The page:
Pedley, William. ‘Woodpigeon Wingbeats’, 26 October 1975. https://www.bl.uk/collection-items/woodpigeon-columba-palumbus-wingbeats.
 BTO. ‘Woodpigeon (Columba palumbus) (Linnaeus, 1758)’. BirdFacts: Key information about the UK’s birds and their changing fortunes, based on data collected by BTO and partner organisations., 2023. https://www.bto.org/understanding-birds/birdfacts/woodpigeon
 BTO. ‘Woodpigeon (Columba Palumbus)’, 2023. https://www.bto.org/our-science/projects/gbw/gardens-wildlife/garden-birds/a-z-garden-birds/wood-pigeon
 Woodward, Ian D., Richard Arnold, and Neil Smith. The London Bird Atlas. [London], Oxford: London Natural History Society; John Beaufoy Publishing, 2017. [YKL.2019.b.1828]
 Plant Atlas 2020. ‘Common & Atlantic Ivy (Hedera Helix s.l.)’, 2020. https://plantatlas2020.org/atlas/2cd4p9h.95p1tn
 Plant Atlas 2020. ‘Virginia-Creeper (Parthenocissus Quinquefolia (L.) Planch.)’, 2020. https://plantatlas2020.org/atlas/2cd4p9h.n0d
 Murton, R. K. The Wood-Pigeon. The New Naturalist. London: Collins, 1965. [(B) GD 29 (C5)]
 Murton, R. K. ‘The Ecology of Wood-Pigeon Populations with Special Reference to Their Breeding Biology’. PhD, University of Liverpool, 1962. https://ethos.bl.uk/OrderDetails.do?did=1&uin=uk.bl.ethos.287121
 Turner, William. Avium Praecipuarum Quarum apud Plinium et Aristotlem Mentio Est Brevis & Succinta Historia, 1544. [976.f.4 and 954.b.11]
 Turner, William. Avium Praecipuarum Quarum apud Plinium et Aristotlem Mentio Est Brevis & Succinta Historia, 1544. https://books.google.co.uk/books?id=s106AAAAcAAJ&printsec=frontcover&source=gbs_ge_summary_r&cad=0#v=thumbnail&q&f=false
 Turner, William. Avium Praecipuarum Quarum apud Plinium et Aristotlem Mentio Est Brevis & Succinta Historia. Cantabrigiae: typis academicis excudebat Joan Smith, 1823. https://access.bl.uk/item/viewer/ark:/81055/vdc_100036705079.0x000001#?c=0&m=0&s=0&cv=0&xywh=-1142%2C-120%2C3535%2C2346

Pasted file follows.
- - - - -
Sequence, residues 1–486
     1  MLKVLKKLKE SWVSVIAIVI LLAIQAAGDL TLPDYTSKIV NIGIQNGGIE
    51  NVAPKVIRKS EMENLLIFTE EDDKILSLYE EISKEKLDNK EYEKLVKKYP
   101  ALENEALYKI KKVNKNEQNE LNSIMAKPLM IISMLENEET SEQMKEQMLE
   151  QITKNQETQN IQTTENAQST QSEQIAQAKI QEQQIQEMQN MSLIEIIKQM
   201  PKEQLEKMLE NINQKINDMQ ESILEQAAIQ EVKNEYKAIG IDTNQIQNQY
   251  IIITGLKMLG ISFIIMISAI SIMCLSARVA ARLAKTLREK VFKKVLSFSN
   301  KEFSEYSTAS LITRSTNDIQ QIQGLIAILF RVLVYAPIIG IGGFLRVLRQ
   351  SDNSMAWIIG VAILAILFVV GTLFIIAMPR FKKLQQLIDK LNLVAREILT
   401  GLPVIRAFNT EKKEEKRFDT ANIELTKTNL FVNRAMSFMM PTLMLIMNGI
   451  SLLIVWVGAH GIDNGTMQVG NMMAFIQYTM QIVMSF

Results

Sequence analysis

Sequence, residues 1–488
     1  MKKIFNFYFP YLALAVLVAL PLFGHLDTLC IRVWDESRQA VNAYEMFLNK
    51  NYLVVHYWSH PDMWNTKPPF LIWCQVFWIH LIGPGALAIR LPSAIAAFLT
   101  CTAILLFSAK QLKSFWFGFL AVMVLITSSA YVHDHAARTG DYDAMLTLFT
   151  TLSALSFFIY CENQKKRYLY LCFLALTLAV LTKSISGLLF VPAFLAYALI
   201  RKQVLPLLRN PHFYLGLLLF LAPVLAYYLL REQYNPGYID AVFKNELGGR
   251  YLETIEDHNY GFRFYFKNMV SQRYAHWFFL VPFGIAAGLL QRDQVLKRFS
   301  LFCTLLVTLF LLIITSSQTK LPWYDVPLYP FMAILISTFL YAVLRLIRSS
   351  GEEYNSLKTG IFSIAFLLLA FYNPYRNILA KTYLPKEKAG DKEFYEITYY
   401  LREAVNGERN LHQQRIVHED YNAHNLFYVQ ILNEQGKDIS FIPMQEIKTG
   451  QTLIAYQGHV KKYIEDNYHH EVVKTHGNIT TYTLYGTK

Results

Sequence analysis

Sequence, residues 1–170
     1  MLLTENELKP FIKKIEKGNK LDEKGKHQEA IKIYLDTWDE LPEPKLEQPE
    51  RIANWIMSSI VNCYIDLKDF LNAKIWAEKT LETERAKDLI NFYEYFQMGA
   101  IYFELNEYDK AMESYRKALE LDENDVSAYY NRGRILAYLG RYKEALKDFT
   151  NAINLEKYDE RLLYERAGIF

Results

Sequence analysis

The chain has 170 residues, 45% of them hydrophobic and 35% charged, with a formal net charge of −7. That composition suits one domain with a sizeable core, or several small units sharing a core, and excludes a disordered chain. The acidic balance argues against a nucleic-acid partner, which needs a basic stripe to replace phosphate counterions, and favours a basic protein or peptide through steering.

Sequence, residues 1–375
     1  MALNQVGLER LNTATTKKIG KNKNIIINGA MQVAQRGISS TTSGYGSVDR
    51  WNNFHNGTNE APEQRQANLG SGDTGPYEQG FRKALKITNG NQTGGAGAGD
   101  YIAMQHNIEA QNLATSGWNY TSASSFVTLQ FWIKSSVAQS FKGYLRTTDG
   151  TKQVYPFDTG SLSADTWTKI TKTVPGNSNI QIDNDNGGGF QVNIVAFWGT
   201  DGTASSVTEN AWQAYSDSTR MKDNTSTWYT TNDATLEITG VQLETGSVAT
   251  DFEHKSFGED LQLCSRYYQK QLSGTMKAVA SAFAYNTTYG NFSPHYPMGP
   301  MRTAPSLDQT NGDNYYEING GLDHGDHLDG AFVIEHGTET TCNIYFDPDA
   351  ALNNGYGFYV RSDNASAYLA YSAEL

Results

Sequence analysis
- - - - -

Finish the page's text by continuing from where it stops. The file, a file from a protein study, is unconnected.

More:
Turner, William. Turner on Birds?: A Short and Succinct History of the Principal Birds Noticed by Pliny and Aristotle First Published by Doctor William Turner, 1544. Translated by A. H. Evans. Cambridge?: University Press, 1903. [7285.dd.9.] https://doi.org/10.5962/bhl.title.160035.
 British Library. ‘Sloane Printed Books Catalogue’, 1 February 2023. https://www.bl.uk/projects/sloane-printed-books
 British Library. ‘The Foundation Collections’, 2023. https://www.bl.uk/catalogues/illuminatedmanuscripts/TourCollFound.asp
 British Library. ‘Major Named Collections of Printed Books’, 2023. https://www.bl.uk/collection-guides/major-named-collections-of-printed-books-now-in-the-british-library
 Seebohm, Henry. A History of British Birds, with Coloured Illustrations of Their Eggs. 4
volumes vols. London: R. H. Porter, 1883-85. [7287.c.2.], also online at https://www.biodiversitylibrary.org/bibliography/12367
 Tristram-Valentine, J.T. London Birds and Beasts. London, 1895. [7206.bb.20]
 Homes, R.C. The Birds of the London Area since 1900. The New Naturalist. London:
Collins, 1957. pp. 211-212 [W.P. 12018/12]
 Robinson, Robert A. ‘State of Bird Populations in Britain and Ireland’. In Silent Summer: The State of Wildlife in Britain and Ireland, edited by Norman Maclean, 281–318. Cambridge?; New York: Cambridge University Press, 2010. [YK.2010.a.19902]
 RSPB. ‘The Results from across the UK Have Landed!’ Big Garden Birdwatch, 2023. https://www.rspb.org.uk/get-involved/activities/birdwatch/